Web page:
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While Colorado Department of Transportation staff members said the daytime Interstate 70 lane closures in mid-December were a necessary measure to ensure the corridor’s safety this winter, they …
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While Colorado Department of Transportation staff members said the daytime Interstate 70 lane closures in mid-December were a necessary measure to ensure the corridor’s safety this winter, they also said it has become a learning experience.
“I realize it was pretty bumpy, but you can see we got quite a few things done,” CDOT Project Engineer Jeff Hampton said at a Jan. 6 county commissioners meeting.
Hampton and his colleagues emphasized that they don’t want to do anymore daytime lane closures for the remainder of the project, and added that they’re considering labeling mid-December as a no-work timeframe on future projects.
During the next few months, construction work will primarily be in the shoulders on I-70 or off the highway altogether.
Hampton said there’s still a great deal of work to be done in Idaho Springs’ downtown parking lots, including relocating the sewer main and finishing the sound wall near the 100 block of Miner Street. Additionally, exits 240 and 239 will see safety improvements for both pedestrian and vehicle traffic.
In the meantime, CDOT is waiting for temperatures to warm again before finishing the last half-mile of paving on Interstate 70. Hampton said he’s hoping to resume that work in mid-April and have the lane operational by June.
‘Point of no return’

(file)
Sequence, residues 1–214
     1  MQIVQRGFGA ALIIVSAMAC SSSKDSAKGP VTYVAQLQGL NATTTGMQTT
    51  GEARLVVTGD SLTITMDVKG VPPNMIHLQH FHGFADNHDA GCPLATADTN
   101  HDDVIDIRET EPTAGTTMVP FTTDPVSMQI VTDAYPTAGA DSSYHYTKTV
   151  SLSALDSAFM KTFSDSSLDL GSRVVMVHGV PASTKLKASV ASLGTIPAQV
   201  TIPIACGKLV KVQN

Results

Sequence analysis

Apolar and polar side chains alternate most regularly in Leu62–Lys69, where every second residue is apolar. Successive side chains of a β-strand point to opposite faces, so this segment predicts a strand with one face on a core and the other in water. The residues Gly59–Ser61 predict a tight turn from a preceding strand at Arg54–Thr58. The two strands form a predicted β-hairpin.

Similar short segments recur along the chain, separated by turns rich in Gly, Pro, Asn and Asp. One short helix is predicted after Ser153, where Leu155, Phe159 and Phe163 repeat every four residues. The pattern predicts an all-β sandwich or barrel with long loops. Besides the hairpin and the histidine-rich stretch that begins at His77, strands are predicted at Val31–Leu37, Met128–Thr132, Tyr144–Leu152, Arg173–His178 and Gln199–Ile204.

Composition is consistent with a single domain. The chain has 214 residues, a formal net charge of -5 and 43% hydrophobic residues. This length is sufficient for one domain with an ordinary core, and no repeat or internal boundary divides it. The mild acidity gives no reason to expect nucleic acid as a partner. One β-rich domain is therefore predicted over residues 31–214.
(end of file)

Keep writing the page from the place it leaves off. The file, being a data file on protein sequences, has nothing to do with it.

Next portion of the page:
Graham Construction LLC, CDOT’s contractor for the express lane project, had hoped to make the late November incentive deadline, and CDOT and local partners did what they could to help make that happen.
CDOT Region 1 Project Engineer Mike Keleman said he felt there was a reasonable chance to hit that milestone at the time, but admitted to being a little overly optimistic.
“You never know what’s going to happen in winter in the mountains,” Keleman said. “ … As time went on, our optimism window really started to shut.”
He said he felt that both CDOT and the contractor share fault for the situation.
Hampton claimed responsibility, explaining that he didn’t have good data on what was left to be paved, and once he and his team started researching, it was too late.
“It’s not 6,000 tons; it’s 12,000 tons,” he said. “And when you’re putting down 800 a day, those days add up.”
So, with the late November incentive deadline past, CDOT and Graham Construction focused on making the corridor safe throughout the winter, Hampton and Keleman explained, with the latter saying it was a point of no return.
Daytime lane closures were needed to complete the work, and Keleman said CDOT tried to get the message out and also looked at previous traffic count data to find windows that would be acceptable. Crews brought up an extra paver and more trucks to try to expedite the closures, he described.
Only Christmas Day was labeled as a no-work period, Hampton said, adding that he’s recommending that change for future multi-season projects, such as Floyd Hill.
Hampton noted that perhaps CDOT wasn’t communicative enough about how lengthy delays would be the first week, but traffic the second week didn’t seem as bad because expectations were much clearer.
Commissioner Randy Wheelock said he was generally understanding of the situation. He also felt that daytime lane closures the week before Christmas is a bad idea, and that should be taken into account for Floyd Hill.
Keleman commented: “While the intentions were good, we’ll probably be more conservative the next time around. … I think that’s the biggest lesson learned.”
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